City driving was never for the faint of heart, but all the bicycles, e-bikes and e-scooters of various speeds and sizes has pushed anxiety to an all-time high. Driving down Coney Island Avenue recently, a cyclist weaving through traffic cut me off and sped right past my car. My breath caught in my chest as I slammed the break. Unfazed, he cycled on illegally crossing the double yellow line to speed off through oncoming traffic. It is increasingly common to encounter bicycle, e-bike and e-scooter riders navigating NYC streets like a video game, as if another life was just a click away.
The city is asleep at the wheel when it comes to regulating bikes and e-vehicles, though it strongly regulates drivers. Navigating sidewalks, streets and parks is a bloody battle for pedestrians, too. For every tragic headline, many more alarming reports pour into my office stressing the urgency to educate and regulate the swelling number of bicycles and e-vehicles. We all want safe streets, and we all must share the responsibility. One road, one rule is the way forward.
My VISION 2.ZERO legislation includes all legal personal mobility vehicles on NYC streets:
- (S7203) Requires a helmet when operating a bicycle, e-bike or e-scooter.
- (S7204) Establishes a DMV Bicycle and E-vehicle Education Course and license.
- (S7205) Creates a double licensure path; be both a safe driver and cyclist/e-vehicle rider.
- (S7206) Requires registration and license plates for bicycles/e-vehicles.
- (S7294) Requires liability insurance for bicycles/e-vehicles.
The city should have codified road rules and educated cyclists back in 2013 when it launched Citi Bike. Instead, it provided a false sense of security by promoting cycling to the mainstream. Vision Zero was introduced a year later, but the numbers of cyclist injuries and fatalities from 2013-2019 remain comparable. While failing to secure cyclists’ safety, the city went on to legalize a host of e-vehicles. While bikes and e-vehicles are not cars, they are responsible for a rapidly rising number of catastrophic injuries and fatalities.
We must do better.
Eight years later, the city has no mechanism for education or enforcement. To operate a bicycle or e-vehicle capable of speeds above the average speed limit on NYC streets, a person simply needs to jump on and go. Drivers, by comparison, study road rules to pass a permit test, take a safety course and supervised practice, before passing a road test. Grab and Go options are great for lunch, but rideshare business models and unregulated forms of transportation promoting the same split-second decision-making, gamble with lives.
E-vehicle riders are dangerously unprepared. This Consumer Reports national survey of adult e-scooter riders is telling: 51% ride on the sidewalk. 18% ride in the street, but not a bike lane, while close to 20% feel unsafe around cars. More than 25% say pedestrians got in the way, while 8% report malfunctions.
Worse, the city has no idea how many people are zipping around on electric-powered vehicles; it doesn’t keep track. Leaving drivers, pedestrians and cyclists sharing congested roads with a growing array of unregulated vehicles that too often appear out of nowhere. Bicycles and e-vehicles must be visible and predictable to motorists and pedestrians!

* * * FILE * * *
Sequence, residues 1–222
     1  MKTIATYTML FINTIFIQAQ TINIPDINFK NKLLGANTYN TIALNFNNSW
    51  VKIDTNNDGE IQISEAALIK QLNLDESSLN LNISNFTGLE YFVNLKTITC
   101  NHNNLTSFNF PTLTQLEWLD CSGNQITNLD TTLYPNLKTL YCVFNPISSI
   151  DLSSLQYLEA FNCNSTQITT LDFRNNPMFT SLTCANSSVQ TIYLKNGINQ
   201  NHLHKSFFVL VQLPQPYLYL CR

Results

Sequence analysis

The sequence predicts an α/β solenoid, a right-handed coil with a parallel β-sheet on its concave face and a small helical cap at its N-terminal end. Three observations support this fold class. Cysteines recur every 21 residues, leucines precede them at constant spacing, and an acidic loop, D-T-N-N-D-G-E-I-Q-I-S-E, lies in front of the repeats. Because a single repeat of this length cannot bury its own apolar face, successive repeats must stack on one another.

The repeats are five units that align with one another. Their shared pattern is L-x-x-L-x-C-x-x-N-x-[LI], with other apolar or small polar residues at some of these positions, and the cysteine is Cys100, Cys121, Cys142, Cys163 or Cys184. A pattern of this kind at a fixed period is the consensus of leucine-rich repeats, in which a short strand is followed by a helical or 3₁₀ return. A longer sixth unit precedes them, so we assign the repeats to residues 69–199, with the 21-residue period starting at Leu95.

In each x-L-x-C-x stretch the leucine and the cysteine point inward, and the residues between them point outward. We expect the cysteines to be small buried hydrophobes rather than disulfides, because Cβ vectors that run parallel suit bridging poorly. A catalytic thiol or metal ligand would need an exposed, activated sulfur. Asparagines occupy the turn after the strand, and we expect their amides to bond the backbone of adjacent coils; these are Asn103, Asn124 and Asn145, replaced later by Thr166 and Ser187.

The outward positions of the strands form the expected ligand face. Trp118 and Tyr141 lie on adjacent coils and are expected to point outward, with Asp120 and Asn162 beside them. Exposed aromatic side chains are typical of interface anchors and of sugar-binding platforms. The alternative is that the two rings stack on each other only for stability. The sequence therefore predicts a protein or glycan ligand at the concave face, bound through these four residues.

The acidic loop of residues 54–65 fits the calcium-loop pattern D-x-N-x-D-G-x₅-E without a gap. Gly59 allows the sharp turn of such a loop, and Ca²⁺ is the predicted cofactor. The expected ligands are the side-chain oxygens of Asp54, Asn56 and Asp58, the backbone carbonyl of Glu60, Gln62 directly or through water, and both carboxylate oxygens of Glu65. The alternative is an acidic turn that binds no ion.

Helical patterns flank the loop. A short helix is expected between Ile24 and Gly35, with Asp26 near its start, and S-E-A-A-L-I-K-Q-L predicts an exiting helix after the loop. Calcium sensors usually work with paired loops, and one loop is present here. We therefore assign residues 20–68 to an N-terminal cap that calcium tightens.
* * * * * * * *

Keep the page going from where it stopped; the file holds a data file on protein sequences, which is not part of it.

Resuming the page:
To reduce injuries to New Yorkers, everyone in a passenger vehicle must be seat belted and everyone on a motorcycle must wear a helmet. It defies science and logic that NYC still has no helmet law for adult cyclists and many classes of e-vehicle riders. Many cities adopted the measure given a four-star rating by the National Highway Traffic Safety Administration, but in NYC you can weave through traffic and speed through red lights un-helmeted, often with no lights or reflective gear in poor visibility conditions, posing a grave risk to yourself and others.
For years, the Department of Transportation (DOT) denied requests for interventions on streets with high rates of traffic accidents. Now, despite the details, every bicycle tragedy elicits the same Pavlovian response: The opportunists condemn cars and drivers to kingdom come and the city rushes in with an expedited safety improvement (aka painted bike lane). Painted bike lanes do not improve safety for anyone on the road. With all this uncontrolled chaos, calling this a safety improvement is madness!
If we want safer streets for everyone, then the next step forward is clear – the system that governs vehicles on our roads must include every legal vehicle. Ensure everyone is educated in road rules and held accountable for breaking them. Register and plate vehicles so we have hard data and license plates to aid enforcement. Update Drivers Education with a double licensure path – driving and cycling – creating a generation that considers their actions equally from both sides.
NYC is the largest, most densely populated city in the nation. Brooklyn’s population alone rivals the top largest cities. On these streets, sanctioning a mushrooming mass of unregulated e-vehicles and bicycles is inconceivable. Allowing people to ride untrained, unprotected and unaccountable among millions of cars, trucks and pedestrians, is not only disgraceful, it is deadly.
State Sen. Simcha Felder represents the 17th Senate District encompassing the Brooklyn neighborhoods of Midwood, Flatbush, Borough Park, Kensington, Sunset Park, Madison and Bensonhurst.